- The S&P 500 posted its largest single-day rally in months and the Dollar gapped lower post election results
- As a market theme, the mid-term elections present limited medium-term command, but there is much more to stir deep currents
- Top event event risk and themes to track ahead includes: the FOMC decision, Chinese trade data, Brexit talks and more
Following the sharp rally in Dow and other US indices along with the bearish gap for the US Dollar, how are retail FX and CFD traders positioning for the next move? See how these traders are positioned on the DailyFX Sentiment Page.
The Markets Exhale and Equities Rally
The oppression built up in weeks of anticipation for the US mid-term elections has finally passed like the breaking of a relentless hummidity. There had been plenty of analysis spent in evaluating how the mix of possible outcomes would ultimately influence the market and there has been just as much in the immediate aftermath. I remain of the mind that the genuine impact that this event holds for the markets is short-term and quickly drowned out by more financially-potent concerns that are notably unresolved. That said, there was a remarkable amount of volatility from key assets this past session, that has been used as evidence that there is consequence to the outcome of the vote. US equities clearly extended an impressive recovery from October's collapse. The S&P 500 this past session notched its fifth largest bullish gap on the open as well as the largest single-day rally in 7 months. The move has also pushed the benchmark index back above its 200-day moving average and placed the 100-day measure as immediate resistance. As for the Dollar, the response was bearish with an unusually large gap down (the largest since April 24, 2017) but significantly more restrained on follow through. Are these moves indicative of a change in sentiment and intent? Does a divided Congress creating gridlock on a range of policies represent 'risk on' and Dollar selling? It could check some of the more extreme efforts of the President, but it is unlikely to course correct on the general progress. Risk trends were already on the rebound in the week preceding this event and the Dollar faces a host of issues that have been conveniently overlooked (see my 4Q USD forecast in the Traing Guides page). Time and follow through will tell, but I think our focus should shift to more persistent and less politically-centric matters.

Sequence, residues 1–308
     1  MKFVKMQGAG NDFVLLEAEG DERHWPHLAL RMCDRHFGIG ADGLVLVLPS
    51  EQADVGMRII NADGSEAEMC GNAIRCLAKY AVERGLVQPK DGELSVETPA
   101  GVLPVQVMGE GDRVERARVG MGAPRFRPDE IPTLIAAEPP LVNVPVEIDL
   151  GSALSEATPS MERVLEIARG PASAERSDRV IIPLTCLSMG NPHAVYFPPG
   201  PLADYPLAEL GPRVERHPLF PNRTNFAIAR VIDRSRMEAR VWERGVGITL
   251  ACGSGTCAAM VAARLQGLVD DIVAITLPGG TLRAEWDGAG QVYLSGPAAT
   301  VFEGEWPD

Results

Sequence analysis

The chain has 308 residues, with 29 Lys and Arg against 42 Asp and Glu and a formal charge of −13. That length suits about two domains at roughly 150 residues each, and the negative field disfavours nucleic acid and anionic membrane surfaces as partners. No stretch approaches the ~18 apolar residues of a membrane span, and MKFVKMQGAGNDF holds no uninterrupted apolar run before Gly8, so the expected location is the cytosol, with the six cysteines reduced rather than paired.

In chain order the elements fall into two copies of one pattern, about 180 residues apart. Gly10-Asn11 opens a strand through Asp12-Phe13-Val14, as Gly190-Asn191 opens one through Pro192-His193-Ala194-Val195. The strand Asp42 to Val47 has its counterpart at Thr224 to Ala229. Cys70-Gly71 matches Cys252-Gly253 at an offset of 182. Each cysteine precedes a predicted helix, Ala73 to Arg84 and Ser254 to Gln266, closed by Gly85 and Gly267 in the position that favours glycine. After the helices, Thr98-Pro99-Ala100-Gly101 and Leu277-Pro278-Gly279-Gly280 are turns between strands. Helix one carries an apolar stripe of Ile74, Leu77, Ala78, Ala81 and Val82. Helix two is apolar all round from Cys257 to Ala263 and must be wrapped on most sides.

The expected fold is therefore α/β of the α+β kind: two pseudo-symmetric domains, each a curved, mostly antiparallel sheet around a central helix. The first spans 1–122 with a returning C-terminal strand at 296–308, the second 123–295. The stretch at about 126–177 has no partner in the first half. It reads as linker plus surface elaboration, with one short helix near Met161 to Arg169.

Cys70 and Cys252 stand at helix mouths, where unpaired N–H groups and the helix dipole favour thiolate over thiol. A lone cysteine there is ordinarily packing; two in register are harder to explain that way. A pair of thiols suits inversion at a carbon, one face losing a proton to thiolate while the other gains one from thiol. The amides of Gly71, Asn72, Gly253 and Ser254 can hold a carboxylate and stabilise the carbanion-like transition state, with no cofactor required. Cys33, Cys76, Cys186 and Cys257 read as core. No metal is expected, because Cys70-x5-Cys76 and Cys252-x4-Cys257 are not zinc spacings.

Now, On to the Economic and Financial Themes
If we want to evaluate the issues for which the composition of the US government could genuinely influence markets, there are a few areas that are overlooked and somewhat longer-term. On the downside, the pace of a second tax reform bill will likely slow quickly while the support for an infrastructure program can actually improve. Both measures add materially to a growing US deficit which threatens the United States sovereign credit rating. If we are looking for other concerns that can take up the reins for global markets, the US-China trade wars will offer fresh milestones to a continuously escaliting threat to global growth. This past session, China reported the October update to its foreign reserves. A $32 billion draw on the holding was the largest since January 2017 and signals authorities are tapping their reserves rather than allowing their currency to depreciate and further the trade wars into the territory of currency maneuvers. The 7.0000 figure for USDCNH will be monitored closely in the meantime, and Thursday's Chinese trade balance update will give an important data update on a critical theme. Another theme of note - and frankly one that is woefully underappreciated - are the sanctions pursued as a segue of the US-driven trade wars. As the EU weighs its options to rebuff the United States' threats to sanction any country that continues to do business with Iran, the healthy operation of the global financial system hangs in the balance.